COVID-19: Why it is Taking So Much Time for Designing Drugs?

Colorized scanning electron micrograph of an apoptotic cell (green) infected with SARS-COV-2 virus particles (yellow), isolated from a patient sample. Image credit: NIAID 

It has been claimed that the coronavirus has about 30 proteins which are small compared to human cells (humans have more than 20,000). Due to this small number of proteins in a cell, coronavirus can’t reproduce on their own. So, to get around with this limited set of tools they cleverly turn the human body against itself. Though the pathways into the human cell are locked to invaders from outside, the coronavirus uses its own protein to open these locks of human cells and they enter into the human cells. Once viruses get inside the cell they use the resources and mechanism of the cell and produce thousands of viruses that will eventually lead to the death of the cell. This process is simply hijacking the human cell and turning it into a production factory of coronavirus.

As lung cells express high amounts of lock protein, SARS-CoV-2 uses for entry, they are particularly more vulnerable to SARS-CoV-2. This will enforce a large number of lung cells to die and so the person associated with COVID-19 starts felling a respiratory symptom. And also these viruses get so much mutated over time from SARS that none of the drugs that work for SARS are working. So, some researchers are now searching for the drug that could hold the coronavirus from entering into the cell of humans. For this, they are particularly testing the existing potential drugs in the laboratory environment and this will certainly take time.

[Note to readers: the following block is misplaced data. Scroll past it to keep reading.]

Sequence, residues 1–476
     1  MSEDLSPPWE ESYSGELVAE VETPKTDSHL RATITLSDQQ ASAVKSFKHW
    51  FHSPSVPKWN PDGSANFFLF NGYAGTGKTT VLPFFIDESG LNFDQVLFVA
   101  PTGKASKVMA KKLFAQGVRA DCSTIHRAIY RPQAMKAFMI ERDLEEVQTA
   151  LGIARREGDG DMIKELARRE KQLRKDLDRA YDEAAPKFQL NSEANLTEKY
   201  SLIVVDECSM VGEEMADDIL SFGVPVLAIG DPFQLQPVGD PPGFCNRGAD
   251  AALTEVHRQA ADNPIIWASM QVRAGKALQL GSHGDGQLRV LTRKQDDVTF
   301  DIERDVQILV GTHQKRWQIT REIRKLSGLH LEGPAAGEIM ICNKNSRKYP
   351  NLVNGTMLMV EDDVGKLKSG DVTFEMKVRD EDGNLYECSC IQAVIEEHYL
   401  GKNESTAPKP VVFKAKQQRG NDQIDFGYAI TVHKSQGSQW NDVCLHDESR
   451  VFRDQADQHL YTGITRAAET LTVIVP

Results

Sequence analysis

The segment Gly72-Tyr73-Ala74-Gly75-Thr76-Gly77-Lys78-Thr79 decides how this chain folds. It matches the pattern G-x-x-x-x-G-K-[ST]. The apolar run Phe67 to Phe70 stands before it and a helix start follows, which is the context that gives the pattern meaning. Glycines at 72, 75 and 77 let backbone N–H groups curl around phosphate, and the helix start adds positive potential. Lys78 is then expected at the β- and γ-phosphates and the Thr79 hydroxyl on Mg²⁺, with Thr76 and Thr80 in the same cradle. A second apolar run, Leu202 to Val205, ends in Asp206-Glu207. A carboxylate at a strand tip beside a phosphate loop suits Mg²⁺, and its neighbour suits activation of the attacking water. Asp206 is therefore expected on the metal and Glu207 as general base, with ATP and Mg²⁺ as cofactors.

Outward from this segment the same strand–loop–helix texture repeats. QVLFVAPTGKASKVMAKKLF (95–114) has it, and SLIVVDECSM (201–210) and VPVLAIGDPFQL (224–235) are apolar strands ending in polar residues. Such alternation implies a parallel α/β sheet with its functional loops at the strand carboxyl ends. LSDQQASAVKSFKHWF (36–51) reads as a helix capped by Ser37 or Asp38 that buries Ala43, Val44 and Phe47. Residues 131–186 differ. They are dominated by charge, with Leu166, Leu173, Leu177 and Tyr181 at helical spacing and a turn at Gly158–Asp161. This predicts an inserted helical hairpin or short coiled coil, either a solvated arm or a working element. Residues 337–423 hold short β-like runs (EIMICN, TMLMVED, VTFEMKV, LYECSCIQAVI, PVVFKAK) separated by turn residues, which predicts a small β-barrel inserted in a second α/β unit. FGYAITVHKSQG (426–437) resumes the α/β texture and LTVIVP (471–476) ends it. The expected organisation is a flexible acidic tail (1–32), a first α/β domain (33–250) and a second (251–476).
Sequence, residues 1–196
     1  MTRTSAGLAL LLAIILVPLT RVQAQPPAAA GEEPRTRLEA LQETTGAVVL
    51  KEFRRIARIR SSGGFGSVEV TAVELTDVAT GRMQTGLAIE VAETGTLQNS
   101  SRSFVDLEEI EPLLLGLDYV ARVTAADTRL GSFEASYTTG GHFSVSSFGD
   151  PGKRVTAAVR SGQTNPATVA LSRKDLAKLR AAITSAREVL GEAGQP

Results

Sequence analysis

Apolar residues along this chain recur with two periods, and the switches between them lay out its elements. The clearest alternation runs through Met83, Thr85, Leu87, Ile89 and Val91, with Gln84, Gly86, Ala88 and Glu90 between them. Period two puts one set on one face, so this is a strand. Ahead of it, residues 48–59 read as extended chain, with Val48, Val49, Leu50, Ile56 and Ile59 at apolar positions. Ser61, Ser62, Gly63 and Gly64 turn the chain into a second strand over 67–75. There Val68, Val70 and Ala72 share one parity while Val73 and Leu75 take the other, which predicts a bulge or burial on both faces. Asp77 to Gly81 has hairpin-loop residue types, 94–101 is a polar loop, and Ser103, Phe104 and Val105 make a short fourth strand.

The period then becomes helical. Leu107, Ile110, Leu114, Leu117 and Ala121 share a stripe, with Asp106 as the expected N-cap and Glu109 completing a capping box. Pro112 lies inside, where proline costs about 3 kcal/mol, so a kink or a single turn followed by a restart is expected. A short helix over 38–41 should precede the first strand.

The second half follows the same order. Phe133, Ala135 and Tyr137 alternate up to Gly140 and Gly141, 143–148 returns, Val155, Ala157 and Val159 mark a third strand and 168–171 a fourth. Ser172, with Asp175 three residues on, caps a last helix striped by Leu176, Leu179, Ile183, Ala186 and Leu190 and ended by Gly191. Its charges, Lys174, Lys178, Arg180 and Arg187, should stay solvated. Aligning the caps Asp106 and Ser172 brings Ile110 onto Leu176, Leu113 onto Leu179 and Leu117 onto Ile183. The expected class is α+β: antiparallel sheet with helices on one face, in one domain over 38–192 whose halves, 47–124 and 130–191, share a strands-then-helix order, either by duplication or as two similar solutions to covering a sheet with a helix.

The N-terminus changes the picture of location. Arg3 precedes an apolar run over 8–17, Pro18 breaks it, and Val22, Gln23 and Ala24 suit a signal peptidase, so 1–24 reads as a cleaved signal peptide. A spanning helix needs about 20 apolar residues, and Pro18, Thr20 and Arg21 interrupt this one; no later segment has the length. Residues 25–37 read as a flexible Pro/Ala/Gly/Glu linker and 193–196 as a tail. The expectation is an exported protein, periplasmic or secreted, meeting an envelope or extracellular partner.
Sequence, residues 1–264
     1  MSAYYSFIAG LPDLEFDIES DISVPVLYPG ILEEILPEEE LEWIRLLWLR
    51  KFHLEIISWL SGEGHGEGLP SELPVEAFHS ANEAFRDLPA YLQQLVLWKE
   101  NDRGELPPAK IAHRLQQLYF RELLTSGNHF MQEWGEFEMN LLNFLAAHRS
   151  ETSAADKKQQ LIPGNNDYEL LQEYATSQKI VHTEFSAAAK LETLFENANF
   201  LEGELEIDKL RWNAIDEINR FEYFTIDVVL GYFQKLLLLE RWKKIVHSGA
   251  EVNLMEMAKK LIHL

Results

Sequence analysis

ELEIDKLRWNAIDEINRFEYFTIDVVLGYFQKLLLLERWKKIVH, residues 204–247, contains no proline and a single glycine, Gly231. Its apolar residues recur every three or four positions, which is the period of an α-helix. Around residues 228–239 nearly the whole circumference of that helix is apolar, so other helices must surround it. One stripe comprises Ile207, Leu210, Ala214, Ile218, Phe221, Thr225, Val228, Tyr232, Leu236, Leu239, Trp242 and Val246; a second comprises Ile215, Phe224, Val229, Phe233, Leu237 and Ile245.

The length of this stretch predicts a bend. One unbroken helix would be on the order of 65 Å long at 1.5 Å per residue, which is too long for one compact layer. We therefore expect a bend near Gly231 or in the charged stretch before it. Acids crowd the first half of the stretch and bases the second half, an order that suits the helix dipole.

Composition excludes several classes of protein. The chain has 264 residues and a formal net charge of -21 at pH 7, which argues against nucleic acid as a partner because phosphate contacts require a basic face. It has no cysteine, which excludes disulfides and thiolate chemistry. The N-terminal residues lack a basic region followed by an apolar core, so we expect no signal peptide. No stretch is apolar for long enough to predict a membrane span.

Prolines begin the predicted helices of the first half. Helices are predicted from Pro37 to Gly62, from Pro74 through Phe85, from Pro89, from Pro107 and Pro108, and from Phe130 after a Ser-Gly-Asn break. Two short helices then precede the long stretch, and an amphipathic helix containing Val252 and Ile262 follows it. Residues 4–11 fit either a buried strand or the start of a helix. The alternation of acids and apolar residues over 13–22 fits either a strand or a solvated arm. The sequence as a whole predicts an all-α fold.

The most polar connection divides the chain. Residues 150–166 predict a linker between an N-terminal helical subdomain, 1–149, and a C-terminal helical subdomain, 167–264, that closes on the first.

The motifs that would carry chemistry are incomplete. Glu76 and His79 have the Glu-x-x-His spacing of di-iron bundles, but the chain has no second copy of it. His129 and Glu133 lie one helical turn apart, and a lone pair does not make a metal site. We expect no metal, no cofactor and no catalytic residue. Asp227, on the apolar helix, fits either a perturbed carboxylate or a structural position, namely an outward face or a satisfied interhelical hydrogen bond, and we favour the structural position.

How to fight for COVID-19 “hijackers”?

Depending on the fact that drugs could attack the virus's own protein, a drug "remdesivir" designed by the National Institute of Health (NIH) is currently in a clinical trial and thought to be a potential drug to fight back against COVID-19. The fear with this approach is that over time viruses mutate and change so the same level of drug "remdesivir" will slowly become invulnerable to the mutated viruses and again new pandemic like SARS-CoV-2 may arise in near future.

Another alternative way to cure viruses is by designing a drug that can work by blocking a viral protein from interacting with a human protein. This approach of protecting host machinery has a greater advantage over disabling the virus because the human cell doesn’t change fast.

This second approach is the way that the team of QCRG is seeking and they are working on this thinking that a good drug should keep working.